Lymph node: sinuses often patent and contain large lymphoid cells
Tonsils: Prominent ulceration and necrosis
Many large activated lymphoid cells

Features favoring a benign process in a prominent immunoblastic proliferation
Young age
Some residual normal lymphoid architecture, e.g. focal preservation of sinuses, necrosis of germinal centers
Lack of significant atypia in large cells
Polymorphous appearance of large cells, with apparent maturation to plasmablasts and plasma cells (spectrum of B cells)

Making a diagnosis of infectious mononucleosis
High index of suspicion is required!
Seriously consider this possibility for any young patient suspected of having a large cell lymphoma on morphologic evaluation

Case 7
M/73
Chinese
Presented with perforation of small bowel
Gross specimen: 15 cm of small bowel resected, with central irregular area of perforation; mucosa edematous; wall slightly thickened

Diagnosis (Case 7)
Small bowel –
Enteropathy-type T-cell lymphoma,
monomorphic subtype, CD56+

ENTEROPATHY-TYPE T-CELL LYMPHOMA
A tumor of intestinal intraepithelial T lymphocytes
Presentation: small intestinal mass/ulcer, often multifocal. Intestinal perforation, obstruction or hemorrhage.
Relationship with celiac disease
Long history
Short history of adult celiac disease
History of dermatitis herpetiformis
No history of celiac disease

Enteropathy-type T cell lymphoma: Pathology
Cytology: Usually large cells, but can be small or medium-sized
Epitheliotropism is common
Some cases may have many admixed eosinophils and histiocytes
Surrounding mucosa: villous atrophy, crypt hyperplasia, intraepithelial lymphocytosis (i.e. features of celiac disease)

Enteropathy-type T cell lymphoma: Immuno-genetic features
T-lineage markers positive, but CD5 often -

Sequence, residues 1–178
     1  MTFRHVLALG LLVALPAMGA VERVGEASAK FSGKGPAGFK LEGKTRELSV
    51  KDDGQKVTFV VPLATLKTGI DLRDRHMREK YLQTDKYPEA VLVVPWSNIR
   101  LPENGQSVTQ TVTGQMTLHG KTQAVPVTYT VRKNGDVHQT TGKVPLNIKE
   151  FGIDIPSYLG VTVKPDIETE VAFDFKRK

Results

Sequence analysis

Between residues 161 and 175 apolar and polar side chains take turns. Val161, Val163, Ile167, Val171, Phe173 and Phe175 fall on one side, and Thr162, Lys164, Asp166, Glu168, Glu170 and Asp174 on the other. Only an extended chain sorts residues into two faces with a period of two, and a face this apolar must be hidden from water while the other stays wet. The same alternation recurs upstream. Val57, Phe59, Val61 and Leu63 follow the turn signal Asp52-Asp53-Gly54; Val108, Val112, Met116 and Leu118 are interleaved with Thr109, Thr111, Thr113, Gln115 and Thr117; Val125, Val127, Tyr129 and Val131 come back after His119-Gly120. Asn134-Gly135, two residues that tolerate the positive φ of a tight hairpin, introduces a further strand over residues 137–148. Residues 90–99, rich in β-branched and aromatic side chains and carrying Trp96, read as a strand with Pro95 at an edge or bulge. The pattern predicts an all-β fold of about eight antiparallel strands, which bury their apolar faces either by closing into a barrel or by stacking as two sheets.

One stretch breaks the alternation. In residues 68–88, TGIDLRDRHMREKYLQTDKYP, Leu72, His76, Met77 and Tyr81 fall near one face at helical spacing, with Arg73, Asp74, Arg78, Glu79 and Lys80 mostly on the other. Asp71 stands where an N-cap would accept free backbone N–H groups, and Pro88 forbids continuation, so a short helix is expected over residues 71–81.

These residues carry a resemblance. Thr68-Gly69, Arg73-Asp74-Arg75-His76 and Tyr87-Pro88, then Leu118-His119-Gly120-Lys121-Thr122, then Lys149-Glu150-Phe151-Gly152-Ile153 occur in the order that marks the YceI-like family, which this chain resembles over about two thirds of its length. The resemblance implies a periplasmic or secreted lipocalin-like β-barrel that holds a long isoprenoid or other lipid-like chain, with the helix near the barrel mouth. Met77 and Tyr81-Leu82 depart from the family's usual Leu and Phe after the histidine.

CD103+ (marker for intraepithelial T lymphocyte)
Commonly CD4- CD8-, but some are CD8+
CD56 can be positive (usually monotonous medium-sized cells, and often CD8+)
EBV negative

Two histogenetic types of enteropathy-type T-cell lymphoma

  CD56+ CD56-
Frequency 20% 80%
Monomorphic histology 73% 7%
Clinical evidence of celiac disease 0% 32%
Enteropathy histology 50% 85%
CD8+ 80% 19%
  CD56+ CD56-
+9q 67% 67%
+8q24 73% 27%
+1q32-q41 20% 73%
+5q34-q35 20% 80%
Celiac disease-associated HLA haplotype 50% 90%

Practically never seen in Asians!

Case 8
F/34
Presented with abdominal pain
Examination showed marked splenomegaly and pancytopenia
Spleen was removed: 2.33 Kg, with beefy red cut surface studded with numerous small white dots

Case 8: Analysis
Spleen shows micronodular pattern of involvement
Composition of micronodules:
Small lymphocytes
Solitary epithelioid histiocytes
Scattered large cells: mostly non-atypical, only rare ones show atypical nuclei

Diagnosis (Case 8)
Spleen – T-cell/histiocyte-rich large B-cell lymphoma

Micronodular T-cell/histiocyte-rich large B-cell lymphoma of the spleen, Dogan A, et al. Am J Surg Pathol 2003;27:903-911
Patients usually present with splenomegaly but minimal or no lymphadenopathy
B symptoms are common
Median age: 56 years
Often show other sites of involvement, e.g. bone marrow, liver
Poor prognosis (7/12 patients dead within 2 yrs)

Micronodular T-cell/histiocyte-rich large B-cell lymphoma of the spleen, Dogan A, et al. Am J Surg Pathol 2003;27:903-911
Neoplastic large B cells often positive for Bcl-6, but not CD138 and EBV
No follicular dendritic cell meshworks underlying the micronodules
Often misdiagnosed as granulomatous inflammation, Hodgkin lymphoma, follicular lymphoma or peripheral T-cell lymphoma

Immunostaining for immunoglobulin
This can be successful performed and interpretable in most cases, especially in lesions rich in large cells (immunoblasts) and plasma cells
Sometimes this is the most important stain for distinguishing between reactive lymphoid hyperplasia and B-cell lymphoma

Immunostaining for immunoglobulin
Immunostaining protocol:
Heat-induced antigen retrieval using citrate buffer pH 6.0
Polyclonal antiserum against kappa and lambda light chains from Dako (dilution 1: 48,000)
Use Polymer detection system